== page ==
Many people associate epilepsy with someone lying helplessly on the ground, arms and legs jerking uncontrollably. While this certainly can be one symptom of epilepsy, others may be more subtle or even barely noticeable. With treatment, epilepsy is manageable.
Epilepsy is a type of seizure disorder — a medical condition that causes a temporary, uncontrolled surge of electrical activity in your brain. Think of it as a spontaneous electrical storm in the brain, says Dr. Van Noord, who has expertise in epilepsy.
“Seizures can start in one focal area of the brain as something small, and then spread from there,” she says. “Other types of seizures can actually happen in both halves of the brain at the same time right from the onset, and that can change the way the seizure looks.”
Epilepsy symptoms can vary widely depending on the part of the brain affected. In addition to uncontrollable jerking movements of the arms or legs, epilepsy may cause fainting, temporary confusion or the inability to respond to things a person sees or hears — they may seem to be staring off into space. Some people experience strange physical sensations or emotions. Generally, people do not remember what happened during a seizure, or even having one.
In about 50% of epilepsy cases, the cause is unknown. Brain trauma, stroke and infection may trigger a seizure. Other types of epilepsy are associated with neurodevelopmental disorders or genetics. If you have a first-degree relative, such as a parent or sibling who has epilepsy, you likely have an increased risk of the disorder.
“Epilepsy is a clinical diagnosis, which means the story of what’s happening tells your physician more than any other test,” says Dr. Van Noord. “That’s where having somebody who witnessed the episode is really important. The description of a seizure helps us tell the difference between that and other types of neurologic disorders like strokes.”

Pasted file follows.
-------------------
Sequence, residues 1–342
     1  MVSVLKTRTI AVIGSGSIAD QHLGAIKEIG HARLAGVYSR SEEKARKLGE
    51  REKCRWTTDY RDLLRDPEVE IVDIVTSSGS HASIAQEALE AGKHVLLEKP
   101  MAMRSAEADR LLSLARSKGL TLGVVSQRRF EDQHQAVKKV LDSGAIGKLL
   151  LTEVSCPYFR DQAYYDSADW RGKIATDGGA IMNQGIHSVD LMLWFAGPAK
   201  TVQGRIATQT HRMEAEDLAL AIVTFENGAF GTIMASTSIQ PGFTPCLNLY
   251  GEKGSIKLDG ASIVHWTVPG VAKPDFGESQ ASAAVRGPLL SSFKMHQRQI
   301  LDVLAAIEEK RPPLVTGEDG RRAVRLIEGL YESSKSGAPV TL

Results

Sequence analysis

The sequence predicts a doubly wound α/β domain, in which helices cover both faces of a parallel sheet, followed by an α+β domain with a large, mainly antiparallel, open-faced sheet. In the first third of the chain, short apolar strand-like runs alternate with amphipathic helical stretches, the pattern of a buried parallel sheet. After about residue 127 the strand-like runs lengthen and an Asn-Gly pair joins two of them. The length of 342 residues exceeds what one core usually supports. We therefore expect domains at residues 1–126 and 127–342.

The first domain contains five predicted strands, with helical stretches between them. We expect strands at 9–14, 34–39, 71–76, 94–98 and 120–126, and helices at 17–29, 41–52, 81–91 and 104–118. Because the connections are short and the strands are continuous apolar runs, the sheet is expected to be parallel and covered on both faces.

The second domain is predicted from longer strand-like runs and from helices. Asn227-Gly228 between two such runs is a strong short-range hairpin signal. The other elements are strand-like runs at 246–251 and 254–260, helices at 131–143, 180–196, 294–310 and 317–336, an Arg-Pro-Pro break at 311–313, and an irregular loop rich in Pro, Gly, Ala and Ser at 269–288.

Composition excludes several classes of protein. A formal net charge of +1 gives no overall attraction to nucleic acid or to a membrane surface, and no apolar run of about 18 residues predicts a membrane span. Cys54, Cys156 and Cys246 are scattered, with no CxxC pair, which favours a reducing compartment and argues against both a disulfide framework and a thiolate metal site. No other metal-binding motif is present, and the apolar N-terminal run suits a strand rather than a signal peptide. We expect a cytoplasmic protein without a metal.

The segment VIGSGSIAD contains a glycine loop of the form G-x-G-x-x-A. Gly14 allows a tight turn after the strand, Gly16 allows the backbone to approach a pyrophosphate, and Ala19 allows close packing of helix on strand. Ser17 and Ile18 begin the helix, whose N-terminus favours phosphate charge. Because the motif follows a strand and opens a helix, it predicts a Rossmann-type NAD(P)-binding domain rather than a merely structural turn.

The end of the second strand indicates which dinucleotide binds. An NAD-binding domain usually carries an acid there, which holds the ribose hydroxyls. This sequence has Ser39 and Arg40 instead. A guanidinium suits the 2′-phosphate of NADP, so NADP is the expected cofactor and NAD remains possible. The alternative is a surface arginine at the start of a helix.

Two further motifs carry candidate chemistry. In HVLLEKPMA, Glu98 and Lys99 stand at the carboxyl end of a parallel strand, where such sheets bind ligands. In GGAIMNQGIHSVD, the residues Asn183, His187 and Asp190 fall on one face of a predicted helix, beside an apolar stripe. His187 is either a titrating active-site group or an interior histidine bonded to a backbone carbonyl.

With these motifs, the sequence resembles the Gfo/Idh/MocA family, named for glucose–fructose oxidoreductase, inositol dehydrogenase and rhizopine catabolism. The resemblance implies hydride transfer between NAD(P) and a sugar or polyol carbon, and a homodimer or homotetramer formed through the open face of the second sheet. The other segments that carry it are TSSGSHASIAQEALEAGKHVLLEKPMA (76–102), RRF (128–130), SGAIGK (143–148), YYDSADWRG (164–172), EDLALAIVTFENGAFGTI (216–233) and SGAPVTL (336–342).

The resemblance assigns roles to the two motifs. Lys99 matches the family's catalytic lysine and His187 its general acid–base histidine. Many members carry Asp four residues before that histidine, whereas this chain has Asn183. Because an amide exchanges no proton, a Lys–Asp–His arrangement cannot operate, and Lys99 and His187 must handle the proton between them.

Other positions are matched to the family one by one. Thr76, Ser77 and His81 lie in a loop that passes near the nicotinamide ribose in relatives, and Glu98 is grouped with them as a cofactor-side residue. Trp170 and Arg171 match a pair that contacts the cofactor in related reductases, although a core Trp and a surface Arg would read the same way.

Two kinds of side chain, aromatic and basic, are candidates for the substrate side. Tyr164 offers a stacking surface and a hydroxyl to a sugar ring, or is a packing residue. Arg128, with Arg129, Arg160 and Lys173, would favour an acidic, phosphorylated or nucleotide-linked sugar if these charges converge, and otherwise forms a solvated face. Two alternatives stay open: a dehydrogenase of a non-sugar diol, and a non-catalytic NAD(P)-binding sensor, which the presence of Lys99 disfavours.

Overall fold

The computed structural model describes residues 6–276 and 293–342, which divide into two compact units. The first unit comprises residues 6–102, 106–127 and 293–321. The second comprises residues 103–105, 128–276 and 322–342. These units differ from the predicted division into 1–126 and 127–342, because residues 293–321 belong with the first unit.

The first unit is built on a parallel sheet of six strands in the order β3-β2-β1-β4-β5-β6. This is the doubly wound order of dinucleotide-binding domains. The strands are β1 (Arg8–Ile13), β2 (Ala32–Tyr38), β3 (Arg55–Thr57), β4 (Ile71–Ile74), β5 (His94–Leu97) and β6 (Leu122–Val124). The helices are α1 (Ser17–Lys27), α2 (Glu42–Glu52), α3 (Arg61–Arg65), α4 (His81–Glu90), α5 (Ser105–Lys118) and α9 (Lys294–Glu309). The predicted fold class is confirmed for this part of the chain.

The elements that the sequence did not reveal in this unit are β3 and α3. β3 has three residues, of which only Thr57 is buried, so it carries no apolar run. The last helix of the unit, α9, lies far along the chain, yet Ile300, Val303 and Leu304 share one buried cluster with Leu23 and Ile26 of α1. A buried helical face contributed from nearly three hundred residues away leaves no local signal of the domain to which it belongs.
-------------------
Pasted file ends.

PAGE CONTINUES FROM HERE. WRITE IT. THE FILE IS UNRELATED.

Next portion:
The Scripps Memorial Hospital La Jolla Epilepsy Monitoring Unit (EMU) continuously monitors patients with epilepsy for up to five days using video and electroencephalogram (EEG) equipment with the goal of capturing a seizure. This information helps an epileptologist — a neurologist who specializes in caring for people with epilepsy — develop a treatment plan.
Medication is usually the first step in treating epilepsy.
“Medications can control seizures in up to 70% of patients,” says Dr. Van Noord. “Sometimes that takes more than one medication, but that’s not really different than people who use medications to control other chronic medical problems like high blood pressure or diabetes.”
If medication is not effective, surgery may be an option. Temporal lobe resection surgery may be recommended for patients who have epilepsy that starts in one part of the brain; the surgery removes that part of the brain. Another procedure, laser ablation surgery, uses a laser to destroy the part of the brain causing the seizures. Both surgeries are generally very effective at eliminating or reducing seizures.
Several devices that are implanted into the body also can help control seizures:
Vagus nerve stimulator (VNS) is a small device placed in the chest and connected to a small, flexible wire that goes over the vagus nerve along the side of the neck. The VNS delivers electronic impulses that can help reduce seizure activity in the brain. VNS surgery is typically an outpatient procedure with no hospital stay.
Responsive neurostimulation (RNS) uses electrodes implanted in the brain and a device implanted into the skull beneath the scalp to control seizures. RNS is a type of deep brain stimulation (DBS) therapy, often used to control tremors caused by Parkinson’s disease. RNS usually requires an overnight hospital stay.
“Epilepsy is a very treatable disorder. We have new medications and treatments to help our patients control their seizures and live the life that they want to live,” says Dr. Van Noord. “So make sure you seek care for any loss of consciousness or strange symptoms that you can’t explain, and get the care that you need.”